How to Reduce Pet Anxiety | Natural Health Blog

Pet Anxiety

Natural Remedies to Reduce Pet Behavior Problems

At first it might seem cute. You go out to a movie, and when you return home, your dog squeals, cries, leaps on you, runs in circles, and licks your face nonstop. Buddy loves me so much, you think. But then the trouble starts.

Neighbors tell you that Buddy howled the entire time you were gone. You find your shoes chewed, your toothbrush chomped to bits, your manuscript shredded. There are accidents on the floor and even on the couch (which he’s also chewed). Buddy, it turns out, suffers from separation anxiety (SA).

At least 20 percent of all young dogs suffer from separation anxiety (SA), and age doesn’t make the situation better. In fact, up to 50 percent of dogs older than five exhibit signs of anxiety when left alone.1 Borelli, Lizette. “Puppy Love: Dogs Suffer ‘Back-To-School Blues’ with Separation from Kids, But Can it Be Treated?” 29 August 2014. Medical Daily.  8 April 2016. The anxiety typically includes howling, barking, or whining, with 70 percent of anxious dogs engaging in such behavior, while 60 percent resort to destroying whatever they can find. About 30 percent have accidents around the house.

Why do dogs go berserk when left alone? Because they are pack animals, meaning they feel safe and “normal” when with other animals; and when they join your family, you become the pack. In the wild, animals separated from the pack howl to be found. Buddy thinks if he howls, you’ll hear him and return. He feels extremely vulnerable when left on his own. It’s unnatural for pack animals to go solo.

Do certain breeds have a higher incidence of separation anxiety? According to some sources, neutered males are more vulnerable, as are intelligent breeds like Shepherds, Standard Poodles, and Border Collies.2 Hines, Ron, DVM. “Separation Anxiety in Dogs and How to Deal with It: Coping with Destructive and Obsessive/Compulsive Behaviors in Your Pet.” 8 April 2016. , 3 “Fears, Phobias, and Anxieties in Dogs.” PetMD. 8 April 2016. And don’t think by getting a different species of pet you’re guaranteed to avoid the problem. Some types of birds, particularly macaws, African Grey parrots, cockatiels, and cockatoos also can develop such anxiety. Like dogs, they’ll make a lot of noise when the owner is gone, but unlike dogs, they might also pluck out their feathers. And while most cats don’t give a meow whether or not the owner is around, some, particularly Siamese cats, do get overly attached and show it by crying, having accidents in the house, fur licking nonstop and so on.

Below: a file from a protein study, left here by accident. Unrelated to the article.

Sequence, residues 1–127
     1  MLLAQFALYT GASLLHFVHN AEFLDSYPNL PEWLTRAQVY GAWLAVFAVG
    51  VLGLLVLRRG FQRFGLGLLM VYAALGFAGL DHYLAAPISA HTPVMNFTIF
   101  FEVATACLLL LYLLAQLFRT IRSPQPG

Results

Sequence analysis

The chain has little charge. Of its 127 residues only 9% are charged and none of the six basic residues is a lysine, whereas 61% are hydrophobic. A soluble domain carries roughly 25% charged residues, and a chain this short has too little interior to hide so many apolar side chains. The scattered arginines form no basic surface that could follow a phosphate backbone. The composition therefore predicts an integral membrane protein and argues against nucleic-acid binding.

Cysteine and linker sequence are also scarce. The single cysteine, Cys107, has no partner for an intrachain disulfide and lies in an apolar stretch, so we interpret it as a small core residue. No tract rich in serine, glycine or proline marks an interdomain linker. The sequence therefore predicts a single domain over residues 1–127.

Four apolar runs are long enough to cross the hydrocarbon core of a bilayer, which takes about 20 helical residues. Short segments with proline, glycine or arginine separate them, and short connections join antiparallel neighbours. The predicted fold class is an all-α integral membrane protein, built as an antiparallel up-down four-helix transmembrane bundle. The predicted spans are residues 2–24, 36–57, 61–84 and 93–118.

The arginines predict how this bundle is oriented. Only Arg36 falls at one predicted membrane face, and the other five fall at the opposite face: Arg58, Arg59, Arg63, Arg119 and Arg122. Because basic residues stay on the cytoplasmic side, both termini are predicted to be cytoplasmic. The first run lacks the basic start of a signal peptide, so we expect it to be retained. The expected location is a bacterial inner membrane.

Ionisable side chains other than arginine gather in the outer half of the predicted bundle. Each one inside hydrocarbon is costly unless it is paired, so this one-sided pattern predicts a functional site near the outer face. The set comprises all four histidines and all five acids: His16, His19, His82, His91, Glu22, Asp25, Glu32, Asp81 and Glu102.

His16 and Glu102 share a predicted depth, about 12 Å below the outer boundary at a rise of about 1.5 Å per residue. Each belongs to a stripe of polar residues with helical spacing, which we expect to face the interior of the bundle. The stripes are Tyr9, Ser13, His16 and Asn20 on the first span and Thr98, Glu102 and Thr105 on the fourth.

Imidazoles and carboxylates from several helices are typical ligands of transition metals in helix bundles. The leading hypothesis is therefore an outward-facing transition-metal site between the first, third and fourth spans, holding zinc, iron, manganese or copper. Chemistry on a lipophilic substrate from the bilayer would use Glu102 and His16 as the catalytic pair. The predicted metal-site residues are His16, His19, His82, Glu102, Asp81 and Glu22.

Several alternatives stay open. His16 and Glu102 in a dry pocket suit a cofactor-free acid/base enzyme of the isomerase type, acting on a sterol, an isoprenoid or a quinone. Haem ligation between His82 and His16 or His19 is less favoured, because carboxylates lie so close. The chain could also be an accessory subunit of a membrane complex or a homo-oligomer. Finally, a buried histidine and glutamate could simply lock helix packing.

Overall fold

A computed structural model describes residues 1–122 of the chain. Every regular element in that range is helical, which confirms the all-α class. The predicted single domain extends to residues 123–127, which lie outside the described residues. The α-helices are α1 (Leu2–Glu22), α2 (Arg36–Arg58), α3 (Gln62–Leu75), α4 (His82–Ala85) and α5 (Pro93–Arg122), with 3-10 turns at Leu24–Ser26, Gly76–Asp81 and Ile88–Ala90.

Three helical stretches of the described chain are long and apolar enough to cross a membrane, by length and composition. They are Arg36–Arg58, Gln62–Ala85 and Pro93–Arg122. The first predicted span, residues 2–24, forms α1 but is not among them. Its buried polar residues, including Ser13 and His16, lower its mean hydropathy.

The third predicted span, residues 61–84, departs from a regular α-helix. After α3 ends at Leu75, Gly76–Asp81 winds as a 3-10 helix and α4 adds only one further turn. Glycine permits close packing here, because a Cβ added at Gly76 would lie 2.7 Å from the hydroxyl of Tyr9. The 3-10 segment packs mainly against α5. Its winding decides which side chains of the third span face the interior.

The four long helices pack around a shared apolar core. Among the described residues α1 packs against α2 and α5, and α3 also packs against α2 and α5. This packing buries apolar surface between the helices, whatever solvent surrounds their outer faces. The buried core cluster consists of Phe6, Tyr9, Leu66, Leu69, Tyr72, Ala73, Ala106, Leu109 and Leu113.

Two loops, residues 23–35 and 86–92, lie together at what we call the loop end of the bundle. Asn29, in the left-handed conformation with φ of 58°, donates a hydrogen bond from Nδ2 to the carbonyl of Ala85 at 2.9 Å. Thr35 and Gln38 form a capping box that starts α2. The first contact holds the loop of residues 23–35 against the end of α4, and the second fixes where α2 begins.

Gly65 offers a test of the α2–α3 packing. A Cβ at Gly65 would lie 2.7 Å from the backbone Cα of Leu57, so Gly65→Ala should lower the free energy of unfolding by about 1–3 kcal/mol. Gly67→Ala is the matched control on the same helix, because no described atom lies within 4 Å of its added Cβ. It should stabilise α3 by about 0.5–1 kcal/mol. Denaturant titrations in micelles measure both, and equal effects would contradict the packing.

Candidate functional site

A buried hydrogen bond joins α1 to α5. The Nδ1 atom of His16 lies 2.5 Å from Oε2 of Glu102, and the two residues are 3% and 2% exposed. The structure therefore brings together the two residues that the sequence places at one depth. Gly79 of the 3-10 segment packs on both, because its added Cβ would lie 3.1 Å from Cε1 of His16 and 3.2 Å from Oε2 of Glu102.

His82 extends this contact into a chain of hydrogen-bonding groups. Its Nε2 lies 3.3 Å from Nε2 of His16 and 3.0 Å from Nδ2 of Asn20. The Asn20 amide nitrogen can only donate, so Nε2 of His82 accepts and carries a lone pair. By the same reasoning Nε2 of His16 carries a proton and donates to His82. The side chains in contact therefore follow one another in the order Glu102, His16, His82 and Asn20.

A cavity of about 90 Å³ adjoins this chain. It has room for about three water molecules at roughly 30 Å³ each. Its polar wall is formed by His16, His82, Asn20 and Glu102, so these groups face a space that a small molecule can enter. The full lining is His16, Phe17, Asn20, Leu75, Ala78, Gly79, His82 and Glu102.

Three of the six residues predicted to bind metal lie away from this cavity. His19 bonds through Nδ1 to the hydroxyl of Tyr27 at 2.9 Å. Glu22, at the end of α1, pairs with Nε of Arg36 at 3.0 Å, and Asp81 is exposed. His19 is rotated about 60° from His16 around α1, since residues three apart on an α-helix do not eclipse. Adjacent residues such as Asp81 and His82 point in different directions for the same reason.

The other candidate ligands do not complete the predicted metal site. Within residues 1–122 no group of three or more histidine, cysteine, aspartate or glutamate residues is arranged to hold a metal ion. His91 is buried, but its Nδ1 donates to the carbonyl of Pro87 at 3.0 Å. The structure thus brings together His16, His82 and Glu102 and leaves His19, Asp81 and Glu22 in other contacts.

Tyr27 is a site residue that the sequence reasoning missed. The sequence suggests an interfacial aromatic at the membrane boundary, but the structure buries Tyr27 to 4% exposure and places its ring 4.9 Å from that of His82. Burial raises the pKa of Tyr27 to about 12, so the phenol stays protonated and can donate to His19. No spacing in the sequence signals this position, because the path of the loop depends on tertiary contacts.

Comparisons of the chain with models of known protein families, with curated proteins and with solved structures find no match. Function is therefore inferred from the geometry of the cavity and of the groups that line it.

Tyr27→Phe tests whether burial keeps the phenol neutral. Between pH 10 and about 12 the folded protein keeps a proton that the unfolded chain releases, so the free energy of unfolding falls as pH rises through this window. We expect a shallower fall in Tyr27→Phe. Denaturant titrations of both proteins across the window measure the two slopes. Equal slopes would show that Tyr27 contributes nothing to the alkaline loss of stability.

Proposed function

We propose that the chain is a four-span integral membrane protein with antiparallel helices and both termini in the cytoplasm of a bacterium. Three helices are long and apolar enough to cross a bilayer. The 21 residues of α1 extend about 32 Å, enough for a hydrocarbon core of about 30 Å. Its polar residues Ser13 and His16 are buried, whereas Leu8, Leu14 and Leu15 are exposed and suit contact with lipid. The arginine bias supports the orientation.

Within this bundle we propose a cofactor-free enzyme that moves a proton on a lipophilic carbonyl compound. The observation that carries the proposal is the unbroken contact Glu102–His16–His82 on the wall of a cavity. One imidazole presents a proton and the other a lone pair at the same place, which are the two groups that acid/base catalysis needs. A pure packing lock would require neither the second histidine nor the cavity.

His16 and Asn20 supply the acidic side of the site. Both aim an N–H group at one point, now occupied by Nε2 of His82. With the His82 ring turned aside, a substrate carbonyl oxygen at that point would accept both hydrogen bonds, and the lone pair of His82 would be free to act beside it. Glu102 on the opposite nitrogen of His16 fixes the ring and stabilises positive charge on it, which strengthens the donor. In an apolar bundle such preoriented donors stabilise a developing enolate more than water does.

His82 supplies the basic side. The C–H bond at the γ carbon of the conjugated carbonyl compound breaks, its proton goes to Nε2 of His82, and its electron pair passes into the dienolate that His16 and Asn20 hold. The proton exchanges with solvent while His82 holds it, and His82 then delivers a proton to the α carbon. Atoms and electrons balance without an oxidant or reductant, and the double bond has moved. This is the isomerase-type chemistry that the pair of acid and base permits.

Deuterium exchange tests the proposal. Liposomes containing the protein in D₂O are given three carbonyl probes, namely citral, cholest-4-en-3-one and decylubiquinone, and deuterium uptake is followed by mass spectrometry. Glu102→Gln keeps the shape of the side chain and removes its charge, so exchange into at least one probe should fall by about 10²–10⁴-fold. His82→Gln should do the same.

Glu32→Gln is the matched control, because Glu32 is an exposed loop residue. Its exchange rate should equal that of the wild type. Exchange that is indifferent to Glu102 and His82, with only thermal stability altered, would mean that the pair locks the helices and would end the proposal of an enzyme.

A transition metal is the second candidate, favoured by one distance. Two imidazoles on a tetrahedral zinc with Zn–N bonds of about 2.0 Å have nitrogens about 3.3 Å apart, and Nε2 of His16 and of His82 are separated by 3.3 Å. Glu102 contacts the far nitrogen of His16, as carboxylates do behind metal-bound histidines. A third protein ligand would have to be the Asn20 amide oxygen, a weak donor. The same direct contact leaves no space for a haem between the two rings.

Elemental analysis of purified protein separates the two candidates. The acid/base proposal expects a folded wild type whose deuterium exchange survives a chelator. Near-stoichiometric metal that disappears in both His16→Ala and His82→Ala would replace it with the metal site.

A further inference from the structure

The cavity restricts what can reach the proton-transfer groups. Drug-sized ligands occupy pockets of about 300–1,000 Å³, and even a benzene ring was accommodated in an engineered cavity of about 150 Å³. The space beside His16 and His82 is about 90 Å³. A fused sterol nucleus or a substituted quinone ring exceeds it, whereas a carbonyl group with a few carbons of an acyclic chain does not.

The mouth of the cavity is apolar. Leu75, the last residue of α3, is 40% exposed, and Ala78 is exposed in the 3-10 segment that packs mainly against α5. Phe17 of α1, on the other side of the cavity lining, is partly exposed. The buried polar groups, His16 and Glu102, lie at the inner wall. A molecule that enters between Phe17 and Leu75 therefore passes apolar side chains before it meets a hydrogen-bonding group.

Also, certain events or circumstances can trigger separation anxiety or make it worse. Animals that are given up for adoption lose confidence that the owner will return, and this can set off the condition, as can traumatic events that may occur at an animal shelter. So can a move, death of a family member, or kids going off to school. Owners may unwittingly encourage SA by offering immediate and profuse comfort to dogs who display discomfort, letting the animal know that anxiety gets rewarded with attention.

Experts say that the worst thing the owner can do is to get angry at the acting-out pet. The anger doesn’t address the underlying anxiety, plus it prevents the animal from self-medicating with behaviors that give it some relief (like barking and chewing).4 “Dog Anxiety Problems — How to Deal with an Anxious Dog.” Shiba Shake.  8 April 2016. Get angry at the pet, and the problem will probably get worse.

Another solution that won’t work is ignoring the pet. Eventually, the neighbors will show up at your doorstep to object to the constant noise. Or your brand new $3000 Oriental rug will get chewed, or your hearing aid, or your tax return. Separation anxiety doesn’t get better over time if you ignore it, and in fact, it can get worse. Also, while separation anxiety is a common pet fear, fears related to loud noises like thunder and fireworks are even more common. The difference is that noise anxieties rarely trigger destructive behavior to the extent that SA does. Rather, the animal will shake, become withdrawn, drool, stop eating, and so on.